The intrepid entrepreneur: Nyasha Madavo, CFO of Black Umbrellas

"The beauty of entrepreneurship is the ability to learn from any experience and use it to better equip yourself."

Nyasha Madavo, CFO of Black Umbrellas, is a powerhouse finance head Monday through Friday, but in her free time designs women’s clothing – a passion she has harboured since childhood and a business she has been nurturing for the past three years. “The beauty of entrepreneurship is the ability to learn from any experience – good or bad – and use this to better equip yourself. It requires perseverance and a constant willingness to learn,” she says, from the cool and quiet lounge of her Sunninghill house. It is a home that is open and bright, elegantly decorated, the walls adorned with colourful artworks and gilded mirrors.

Nyasha Dzumbunu recently married her varsity sweetheart Terry Madavo, and an assortment of congratulations cards are on display in the dining room. Nyasha shows us into the garden, where we chat easily, enjoying the fragrances of the semi-tropical plants around us. Our interview is also a photo shoot, and Nyasha smiles broadly, standing tall and proud in clothes of her own design.

Dressing up
A seasoned finance professional, Nyasha’s career includes several years with Deloitte and the last two-and-a-half years in her current role at Black Umbrellas (BU), until recently known as Shanduka Black Umbrellas. It is one of the leading non-profit enterprise and supplier development organisations in South Africa and is backed by the Cyril Ramaphosa Foundation.

While she certainly excels in her chosen field, Nyasha has always been fascinated by fashion.“My love of fashion is something I’ve always had. I’m a girly-girl,” she says with an easy laugh. Nyasha recalls her childhood and says she was a typical little girl who loved dressing up in pretty dresses, skirts and shoes, and remembers her mother sewing her some dresses too. “I think it started to grow then already and blossomed with time. I never explored it outside of it being something I enjoyed from a distance,” she says.

As an adult working in corporate environments, Nyasha found the availability of off-the-rack business wear a little dull and uninspired. “I was frustrated when I went out looking for clothing because all I could find was the same stuff and I thought, we are all going to look the same because we all shop in the same places! I thought, I can’t be the only one experiencing this,” she says. “I went into business with a friend and we started small by importing a few beautiful items of clothing. In time, I started working on my own designs. For me, this is a creative outlet but it’s also about helping other women to look and feel spectacular and to help them express their unique feminine brand and increase their confidence.”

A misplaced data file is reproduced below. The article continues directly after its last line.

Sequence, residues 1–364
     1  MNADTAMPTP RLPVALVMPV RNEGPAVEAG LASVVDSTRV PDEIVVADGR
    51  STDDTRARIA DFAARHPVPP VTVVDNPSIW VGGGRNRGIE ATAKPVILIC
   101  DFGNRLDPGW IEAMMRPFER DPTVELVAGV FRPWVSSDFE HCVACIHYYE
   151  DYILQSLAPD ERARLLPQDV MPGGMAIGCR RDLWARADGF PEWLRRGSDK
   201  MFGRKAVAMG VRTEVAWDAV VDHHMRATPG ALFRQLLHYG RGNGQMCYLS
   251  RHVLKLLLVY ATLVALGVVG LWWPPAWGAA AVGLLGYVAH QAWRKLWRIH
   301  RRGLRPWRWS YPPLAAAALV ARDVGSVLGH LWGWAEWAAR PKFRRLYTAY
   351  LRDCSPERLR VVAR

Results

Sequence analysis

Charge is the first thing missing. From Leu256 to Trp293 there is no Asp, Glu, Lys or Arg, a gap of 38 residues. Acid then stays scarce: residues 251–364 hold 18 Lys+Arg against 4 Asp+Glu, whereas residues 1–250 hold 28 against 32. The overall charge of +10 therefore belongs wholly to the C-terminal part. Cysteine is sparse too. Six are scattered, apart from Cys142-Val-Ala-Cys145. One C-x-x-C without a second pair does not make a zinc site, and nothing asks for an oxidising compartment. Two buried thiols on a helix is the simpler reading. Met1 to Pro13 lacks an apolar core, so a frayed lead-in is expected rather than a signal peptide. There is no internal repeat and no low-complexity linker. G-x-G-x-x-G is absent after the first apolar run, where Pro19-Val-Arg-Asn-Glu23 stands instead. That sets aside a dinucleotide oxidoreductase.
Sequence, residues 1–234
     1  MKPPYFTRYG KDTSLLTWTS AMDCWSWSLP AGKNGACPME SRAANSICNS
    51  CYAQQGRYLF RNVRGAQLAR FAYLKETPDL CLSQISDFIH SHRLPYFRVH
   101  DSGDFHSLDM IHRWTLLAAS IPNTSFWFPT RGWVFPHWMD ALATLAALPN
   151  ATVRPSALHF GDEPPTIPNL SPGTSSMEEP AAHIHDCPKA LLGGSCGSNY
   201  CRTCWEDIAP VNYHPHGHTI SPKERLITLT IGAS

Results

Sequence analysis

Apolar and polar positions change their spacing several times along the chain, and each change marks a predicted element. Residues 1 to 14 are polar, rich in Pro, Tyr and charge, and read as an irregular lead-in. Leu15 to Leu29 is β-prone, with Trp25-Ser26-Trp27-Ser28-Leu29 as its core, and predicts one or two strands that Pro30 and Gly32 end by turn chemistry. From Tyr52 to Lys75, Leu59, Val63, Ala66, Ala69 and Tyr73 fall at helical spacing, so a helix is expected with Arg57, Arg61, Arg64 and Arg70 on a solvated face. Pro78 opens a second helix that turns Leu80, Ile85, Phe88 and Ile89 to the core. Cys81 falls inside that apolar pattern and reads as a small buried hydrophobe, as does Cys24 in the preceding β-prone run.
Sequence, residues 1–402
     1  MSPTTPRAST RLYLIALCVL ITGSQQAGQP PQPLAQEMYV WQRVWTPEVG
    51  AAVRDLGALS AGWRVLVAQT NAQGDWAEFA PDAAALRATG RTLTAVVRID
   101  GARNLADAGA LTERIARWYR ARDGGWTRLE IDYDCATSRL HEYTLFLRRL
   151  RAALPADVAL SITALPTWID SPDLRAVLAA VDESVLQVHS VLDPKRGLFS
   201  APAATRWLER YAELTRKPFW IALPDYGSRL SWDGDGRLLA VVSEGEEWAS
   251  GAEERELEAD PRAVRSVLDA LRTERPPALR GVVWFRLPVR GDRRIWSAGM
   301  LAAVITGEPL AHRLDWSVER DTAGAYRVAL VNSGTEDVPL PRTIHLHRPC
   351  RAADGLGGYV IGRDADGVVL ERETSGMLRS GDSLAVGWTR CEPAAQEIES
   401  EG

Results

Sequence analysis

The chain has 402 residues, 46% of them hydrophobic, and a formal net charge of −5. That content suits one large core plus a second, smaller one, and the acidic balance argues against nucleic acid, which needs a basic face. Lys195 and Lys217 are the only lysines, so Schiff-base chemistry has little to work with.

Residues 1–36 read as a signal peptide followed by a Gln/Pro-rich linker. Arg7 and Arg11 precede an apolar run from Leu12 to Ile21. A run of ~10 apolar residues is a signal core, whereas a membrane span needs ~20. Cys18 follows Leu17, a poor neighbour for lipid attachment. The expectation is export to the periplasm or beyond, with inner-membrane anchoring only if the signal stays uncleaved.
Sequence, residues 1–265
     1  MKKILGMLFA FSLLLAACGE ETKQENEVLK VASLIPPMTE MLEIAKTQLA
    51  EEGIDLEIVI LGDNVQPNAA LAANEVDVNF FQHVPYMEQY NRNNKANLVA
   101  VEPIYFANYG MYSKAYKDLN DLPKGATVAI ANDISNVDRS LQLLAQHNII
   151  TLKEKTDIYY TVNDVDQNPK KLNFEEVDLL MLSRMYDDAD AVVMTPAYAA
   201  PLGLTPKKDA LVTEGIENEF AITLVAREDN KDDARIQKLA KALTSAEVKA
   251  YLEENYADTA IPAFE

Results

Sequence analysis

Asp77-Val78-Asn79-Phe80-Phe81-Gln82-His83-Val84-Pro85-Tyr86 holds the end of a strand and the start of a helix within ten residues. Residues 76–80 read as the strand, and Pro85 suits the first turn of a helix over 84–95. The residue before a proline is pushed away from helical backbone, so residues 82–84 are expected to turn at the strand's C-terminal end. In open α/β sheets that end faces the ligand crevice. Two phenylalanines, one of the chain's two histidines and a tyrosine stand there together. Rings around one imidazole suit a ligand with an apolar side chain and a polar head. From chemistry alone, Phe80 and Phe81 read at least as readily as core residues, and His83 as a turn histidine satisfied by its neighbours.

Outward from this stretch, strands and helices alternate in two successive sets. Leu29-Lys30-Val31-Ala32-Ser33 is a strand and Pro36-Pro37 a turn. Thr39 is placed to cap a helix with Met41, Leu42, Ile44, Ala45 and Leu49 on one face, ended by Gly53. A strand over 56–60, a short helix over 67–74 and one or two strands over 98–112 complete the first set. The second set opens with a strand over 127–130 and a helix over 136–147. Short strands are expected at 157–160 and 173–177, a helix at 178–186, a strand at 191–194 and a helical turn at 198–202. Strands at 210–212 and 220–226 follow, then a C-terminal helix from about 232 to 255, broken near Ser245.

Although the business partnership wasn’t meant to be, nothing stopped Nyasha from working towards her own clothing line. Today, she works with a pattern-maker and several seamstresses and does all the fabric sourcing herself. “I have a feel for the kind of materials I want. I want quality fabrics, so that when someone invests in a piece it’s going to last. From designing, to fabric shopping, to manufacturing, to meeting clients – I love the entire process,” she says, eyes twinkling with visible delight.

Entrepreneurship
“I have a passion for entrepreneurship,” Nyasha says. “I think this came from my childhood. I was raised by professionals – my father was a CA and my mother did CIMA – who went on to start their own entrepreneurial ventures. My parents were always in business in some shape or form, and still are. So, that was already ingrained in me.

Nyasha says that, given her demanding career, the road to entrepreneurship hasn’t been an easy one. But, she says she’s learnt a lot and certainly grown a lot. “I now have a lot of tricks in my tool bag,” she says with a laugh. “I’ve also learnt to persevere and to keep moving forward. Any step forward is a step in the right direction. Going forward, I need to really map out what I want to achieve and probably sacrifice a bit more time so that I see all of those plans come to fruition.”

Nyasha says that running her own business has taught her a few things: “Never underestimate the importance of managing your cash flow,” she says. “Corporates constantly need to optimise their working capital too. While managing your small business, you have to ensure that you are running a financially healthy and sustainable entity, and that you deliver quality product, grow your client base and work with your partners in a mutually beneficial manner.”